Southern Poverty Law Center founder Morris Dees urges UMass Law graduates to defend the rule of law over the “rule of the mob”
49 Juris Doctor degrees awarded to Class of 2017 that performed more than 7,000 hours of pro bono and other law-related service to the community.
Southern Poverty Law Center Founder and Chief Counsel Morris Dees, who received an honorary degree, spoke to the 49 graduates of the UMass School of Law of their duty and opportunity to defend individuals’ rights.
Recalling John Adams’ defense of the British soldiers involved in the Boston Massacre, Dees said, "He made sure the rule of law, not the rule of the mob, would be used in our country."
Relating the story of his representation of Vietnamese fishermen in Texas, whose boats were burned by the Klu Klux Klan shortly after the Vietnam War, Dees implored the graduates to use their talents to advance the unpopular causes of justice. At the blessing of the fleet after the case was won, “I could see the enormous amount of pride as these new Americans, these immigrants, who found their place at America’s table, like millions of immigrants who came before to help build this into a greater nation,” he said. “As you go out to engage in the practice of law...there are injustices today. Dr. King, quoting (biblical prophet) Amos, said, ‘Let's not be satisfied until justice rolls down like waters and righteousness like a mighty stream."
The Commencement was held at UMass Dartmouth’s Main Auditorium. The School of Law is one of eight colleges and schools of UMass Dartmouth.
The 49 members of the UMass Law Class of 2017 completed more than 7,000 hours of pro bono and other law-related service to the community. They volunteered in 37 different offices, including private law firms, government agencies and non-profit organizations.
UMass President Meehan, speaking of the impact that lawyers have played on the advancement of civil rights in America, said, "If you look at the great periods of change in this country…more often than not it was the lawyer – skilled, trained, passionate, committed to doing the right thing…You have an awesome responsibility.”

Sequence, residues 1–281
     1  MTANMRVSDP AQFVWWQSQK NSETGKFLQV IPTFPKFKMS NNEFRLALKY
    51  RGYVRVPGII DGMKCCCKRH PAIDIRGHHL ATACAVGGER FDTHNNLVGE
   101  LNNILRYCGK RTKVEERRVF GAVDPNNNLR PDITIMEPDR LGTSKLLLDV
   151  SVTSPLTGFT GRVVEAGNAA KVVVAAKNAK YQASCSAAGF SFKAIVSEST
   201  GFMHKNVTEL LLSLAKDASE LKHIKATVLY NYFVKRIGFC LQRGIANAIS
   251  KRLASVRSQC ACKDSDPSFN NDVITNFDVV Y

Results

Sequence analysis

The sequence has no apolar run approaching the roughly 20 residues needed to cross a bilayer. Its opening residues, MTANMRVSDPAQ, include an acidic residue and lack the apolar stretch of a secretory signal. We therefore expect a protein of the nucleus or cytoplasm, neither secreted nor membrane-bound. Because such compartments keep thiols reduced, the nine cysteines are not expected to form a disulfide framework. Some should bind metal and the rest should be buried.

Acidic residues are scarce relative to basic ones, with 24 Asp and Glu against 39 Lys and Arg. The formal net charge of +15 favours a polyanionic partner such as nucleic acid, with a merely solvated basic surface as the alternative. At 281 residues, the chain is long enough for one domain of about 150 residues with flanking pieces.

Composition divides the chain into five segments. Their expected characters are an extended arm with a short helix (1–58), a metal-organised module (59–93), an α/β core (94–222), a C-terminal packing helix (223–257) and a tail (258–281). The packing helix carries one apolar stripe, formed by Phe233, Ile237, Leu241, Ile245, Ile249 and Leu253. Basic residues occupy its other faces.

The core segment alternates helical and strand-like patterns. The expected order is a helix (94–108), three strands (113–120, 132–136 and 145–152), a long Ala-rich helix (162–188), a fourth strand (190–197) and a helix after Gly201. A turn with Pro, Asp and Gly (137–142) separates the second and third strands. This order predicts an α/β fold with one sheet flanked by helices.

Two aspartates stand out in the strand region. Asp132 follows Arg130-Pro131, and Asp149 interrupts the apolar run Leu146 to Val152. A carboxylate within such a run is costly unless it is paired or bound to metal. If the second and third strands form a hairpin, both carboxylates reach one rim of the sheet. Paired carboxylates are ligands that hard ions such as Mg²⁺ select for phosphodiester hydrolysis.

Interim Chancellor Peyton R. Helm, who has led the university for the past year and a half presided over the ceremony. Dr. Helm told the graduates, “We live in perilous times, times where justice may seem, at times, under siege. Yet, I’m an optimist because I have gotten to know some of you and some of your faculty…I have great confidence in your commitment to make your community, your society, your world better through justice.”
Interim School of Law Dean Eric Mitnick noted that he started working at UMass Law the same year the Class of 2017 entered as students. “I can tell you, my students, that you have inspired me every day of the three years we have been here,” he said. Dean Mitnick, citing the school motto, “Pursue Justice,” also told the graduates that the Juris Doctor degree they earned “is not just a law degree, it is a justice degree.”
UMass Trustee Ed Collins, a longtime organized labor leader, recalled casting one of the votes to establish UMass Law, the only public law school in Massachusetts. “I’m incredibly proud to celebrate with you today,” Trustee Collins said. “We at the university were determined to create the law school because we understood the critical need to have lawyers like you, lawyers dedicated to advancing the cause of justice, working for the public good.”
Student Speaker Shelya Lors described her personal transformation and that of her classmates since arriving at UMass Law. “We are different,” she said. “We are now the detours that will disrupt and dismantle the school-to-prison pipeline. We are now the drafters whose ink will blot out the damaging effects of pollution on our environment. We are the advocates who will stand in the gap and fight for our neighbors who cannot afford the health care they desperately need in order to stand…We are the ones who will turn this world right side up.”
The School of Law Commencement followed undergraduate and graduate ceremonies held this weekend at the Xfinity Center in Mansfield. Those ceremonies attracted an estimate 12,000 people.